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The De Beers Diamond

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From the Archives : Originally published July 17th, 2009
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Category : Gems and Treasures

 

 

 

 

The De Beers diamond gets its name from the mine where the diamond was discovered in March 1888, the De Beers mine, one of the two mines that were dug initially on the farm belonging to Nicolas and Diederick de Beer, near Kimberley, after diamonds were discovered in this farm in the mid-1860s.

 

The gem weighed 428.50 old carats (old carats being the pre-1913 non-metric carat) and measured 47.6 mm through its longest axis and 38.1 mm square. After cut the De Beers diamond turned into a 234.65-carat gem, pale yellow, cushion cut diamond of unknown clarity grade. It is the 2nd largest faceted yellow diamond (disregarding the un-cut Oppenheimer) and the largest cushion-cut yellow diamond in the world. It is also the 7th largest faceted diamond in the world, not including the Nizam, a now-lost stone which is said to have been only partially cut.

 

 

Even though the country where the De Beers diamond was cut is not known precisely, it must have been at Amsterdam in the Netherlands, because around this time Amsterdam was the leading diamond cutting center in the world, and most of the diamonds mined in South Africa were eventually reaching there.

 

In 1928 at the request of the Maharajah of Patiala, the jewelry firm Cartier's of Paris set the De Beers diamond, as the centerpiece of a ceremonial necklace that came to be known as "Patiala Necklace," which without any doubt was one of the most spectacular pieces of jewelry ever created. In addition to the De Beers diamond weighing 234.69 carats, there were seven other big diamonds ranging from 18 to 73 carats, incorporated into the necklace. Several expensive Burmese Rubies were also placed in the necklace. In all, the necklace also contained 2,930, smaller diamonds, weighing about 962.25 carats. Had this unique jewelry masterpiece existed today, by current market values, in addition to its great historic significance which also adds to it's value, the price of this spectacular necklace, would have been beyond estimation.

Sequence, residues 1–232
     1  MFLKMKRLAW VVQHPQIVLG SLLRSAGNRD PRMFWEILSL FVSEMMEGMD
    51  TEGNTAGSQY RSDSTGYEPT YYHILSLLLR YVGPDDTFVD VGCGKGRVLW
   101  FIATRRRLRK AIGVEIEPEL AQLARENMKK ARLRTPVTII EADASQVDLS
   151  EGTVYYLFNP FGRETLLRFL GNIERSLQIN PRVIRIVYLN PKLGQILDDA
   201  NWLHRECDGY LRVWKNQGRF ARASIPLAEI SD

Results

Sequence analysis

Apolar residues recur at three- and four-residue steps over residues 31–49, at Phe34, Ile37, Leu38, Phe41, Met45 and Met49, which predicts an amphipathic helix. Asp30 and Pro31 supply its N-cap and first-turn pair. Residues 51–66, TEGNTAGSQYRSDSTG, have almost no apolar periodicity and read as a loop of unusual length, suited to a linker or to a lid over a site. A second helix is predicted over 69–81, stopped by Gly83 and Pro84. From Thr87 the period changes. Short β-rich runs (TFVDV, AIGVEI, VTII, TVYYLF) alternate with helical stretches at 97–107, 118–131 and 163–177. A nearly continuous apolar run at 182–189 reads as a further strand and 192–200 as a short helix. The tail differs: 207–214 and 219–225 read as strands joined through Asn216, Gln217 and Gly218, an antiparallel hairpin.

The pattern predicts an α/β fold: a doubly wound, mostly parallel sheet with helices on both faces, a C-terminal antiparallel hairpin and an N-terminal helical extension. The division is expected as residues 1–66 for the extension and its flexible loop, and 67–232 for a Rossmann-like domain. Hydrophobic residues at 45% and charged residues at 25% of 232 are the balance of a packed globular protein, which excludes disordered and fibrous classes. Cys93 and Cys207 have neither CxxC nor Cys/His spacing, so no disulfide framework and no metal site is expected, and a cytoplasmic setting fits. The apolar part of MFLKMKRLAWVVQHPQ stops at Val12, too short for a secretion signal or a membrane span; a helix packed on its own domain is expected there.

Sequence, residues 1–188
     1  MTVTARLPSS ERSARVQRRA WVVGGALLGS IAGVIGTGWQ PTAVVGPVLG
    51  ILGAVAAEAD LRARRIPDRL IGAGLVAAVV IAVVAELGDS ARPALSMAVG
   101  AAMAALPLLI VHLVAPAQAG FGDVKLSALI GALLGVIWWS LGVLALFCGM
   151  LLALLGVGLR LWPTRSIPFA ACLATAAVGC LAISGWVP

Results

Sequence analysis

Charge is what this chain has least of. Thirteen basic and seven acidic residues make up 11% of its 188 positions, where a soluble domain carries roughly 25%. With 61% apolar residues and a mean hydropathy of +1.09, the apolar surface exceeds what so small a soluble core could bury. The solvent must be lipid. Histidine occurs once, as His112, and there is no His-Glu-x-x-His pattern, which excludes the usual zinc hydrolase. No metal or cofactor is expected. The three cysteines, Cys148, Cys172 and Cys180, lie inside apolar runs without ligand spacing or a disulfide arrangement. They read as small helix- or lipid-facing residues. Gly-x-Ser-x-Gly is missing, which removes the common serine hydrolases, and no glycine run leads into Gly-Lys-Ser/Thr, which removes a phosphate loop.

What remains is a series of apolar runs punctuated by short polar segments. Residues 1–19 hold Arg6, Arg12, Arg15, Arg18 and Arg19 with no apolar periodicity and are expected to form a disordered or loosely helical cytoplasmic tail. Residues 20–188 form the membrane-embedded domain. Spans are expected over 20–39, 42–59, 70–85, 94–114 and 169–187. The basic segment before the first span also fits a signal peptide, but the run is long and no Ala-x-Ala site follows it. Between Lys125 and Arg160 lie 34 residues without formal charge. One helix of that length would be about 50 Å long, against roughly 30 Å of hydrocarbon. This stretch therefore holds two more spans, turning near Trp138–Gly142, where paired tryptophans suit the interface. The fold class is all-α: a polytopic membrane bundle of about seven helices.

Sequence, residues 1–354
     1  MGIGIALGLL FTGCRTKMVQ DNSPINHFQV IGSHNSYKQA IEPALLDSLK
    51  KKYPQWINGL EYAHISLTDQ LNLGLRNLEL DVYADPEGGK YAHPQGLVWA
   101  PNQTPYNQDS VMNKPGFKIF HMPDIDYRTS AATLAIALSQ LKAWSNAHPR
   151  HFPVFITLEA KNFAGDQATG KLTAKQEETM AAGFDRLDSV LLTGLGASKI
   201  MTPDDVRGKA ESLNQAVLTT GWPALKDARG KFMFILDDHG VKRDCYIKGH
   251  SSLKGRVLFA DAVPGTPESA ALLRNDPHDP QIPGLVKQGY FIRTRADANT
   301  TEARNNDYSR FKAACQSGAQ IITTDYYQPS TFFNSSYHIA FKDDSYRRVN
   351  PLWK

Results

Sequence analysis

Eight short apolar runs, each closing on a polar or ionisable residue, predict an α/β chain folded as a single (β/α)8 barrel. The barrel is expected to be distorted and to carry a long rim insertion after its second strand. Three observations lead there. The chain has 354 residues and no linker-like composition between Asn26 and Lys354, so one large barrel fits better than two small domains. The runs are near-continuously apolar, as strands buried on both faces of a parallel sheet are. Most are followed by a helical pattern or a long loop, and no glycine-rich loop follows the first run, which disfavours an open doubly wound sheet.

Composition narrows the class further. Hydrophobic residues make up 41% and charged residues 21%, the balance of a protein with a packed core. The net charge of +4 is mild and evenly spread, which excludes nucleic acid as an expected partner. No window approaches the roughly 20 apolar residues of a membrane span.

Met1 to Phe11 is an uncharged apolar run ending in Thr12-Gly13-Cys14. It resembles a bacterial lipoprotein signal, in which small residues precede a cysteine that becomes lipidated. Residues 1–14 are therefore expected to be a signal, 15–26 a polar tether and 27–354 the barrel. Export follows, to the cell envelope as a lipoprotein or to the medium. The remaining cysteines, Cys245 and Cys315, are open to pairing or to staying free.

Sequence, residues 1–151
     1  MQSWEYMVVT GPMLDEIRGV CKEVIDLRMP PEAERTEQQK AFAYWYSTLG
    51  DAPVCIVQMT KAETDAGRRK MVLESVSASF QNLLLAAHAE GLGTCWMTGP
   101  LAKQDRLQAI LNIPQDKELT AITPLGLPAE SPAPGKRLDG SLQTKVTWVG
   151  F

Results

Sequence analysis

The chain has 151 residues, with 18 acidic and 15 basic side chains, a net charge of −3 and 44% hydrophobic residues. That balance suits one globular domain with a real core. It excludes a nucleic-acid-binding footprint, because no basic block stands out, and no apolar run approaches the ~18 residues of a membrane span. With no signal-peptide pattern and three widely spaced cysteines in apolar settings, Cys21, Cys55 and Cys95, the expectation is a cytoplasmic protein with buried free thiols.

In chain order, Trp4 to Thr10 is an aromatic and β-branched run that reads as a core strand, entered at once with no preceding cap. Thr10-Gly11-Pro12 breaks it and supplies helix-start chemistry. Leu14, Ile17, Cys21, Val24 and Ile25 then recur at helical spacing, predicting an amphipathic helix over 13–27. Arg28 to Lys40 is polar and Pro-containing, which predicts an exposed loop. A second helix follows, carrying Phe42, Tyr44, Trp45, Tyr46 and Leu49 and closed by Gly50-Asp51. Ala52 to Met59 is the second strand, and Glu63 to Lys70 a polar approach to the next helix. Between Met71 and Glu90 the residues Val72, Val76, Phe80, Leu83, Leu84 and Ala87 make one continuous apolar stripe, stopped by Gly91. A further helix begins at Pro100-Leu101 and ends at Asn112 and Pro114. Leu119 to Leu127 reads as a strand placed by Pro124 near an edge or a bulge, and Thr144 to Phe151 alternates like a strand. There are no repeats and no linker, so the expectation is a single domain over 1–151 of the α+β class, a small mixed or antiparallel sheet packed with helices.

The De Beers diamond was purchased by the Maharajah of Patiala, after it was displayed at an exhibition held in Paris. Patiala was a princely state in Punjab, in Northwestern India, which at the time of independence, merged with India in 1947. After the end of the Raj, the Patiala Necklace disappeared.

 

On May 6th, 1982, the De Beers came up for auction at Sotheby's in Geneva. It was generally thought that bidding could reach as much as $4.5 million. At the event the stone was bought when the top bid of $3.16 million remained below its undisclosed reserve.

 

 

 

Then in 1998, someone came upon the remnants of it in a second hand jewelry shop in London. All of the big stones were gone: seven stones ranging from 18 to 73 carats, set above a pendant, and the 234.69-carat De Beers Diamond, seventh largest in the world.

 

 

Cartier acquired the remains of the necklace and spent four years restoring it. They tried recreating the original replacing the missing diamonds.The original diamonds were of course not available including the De Beers Diamond itself. While the search for replacements continues, Cartier decided to use cubic zirconium to substitute for the seven diamonds and synthetic rubies to substitute for the original Burmese marvels. A replica of the De Beers Diamond was created and set in the necklace, but what type of synthetic material used has not been released to the press. Therefore, it is more than likely the yellow cubic zirconium was used, and another clue is that in a number of photos of the necklace, the De Beers replica casts off a number of different colors, something a synthetic yellow sapphire wouldn't do to that degree, but which a yellow cubic zirconium would.)

 

 

All famous diamonds 

 

 

 

Data and Statistics for these countries : India | Netherlands | South Africa | All
Gold and Silver Prices for these countries : India | Netherlands | South Africa | All
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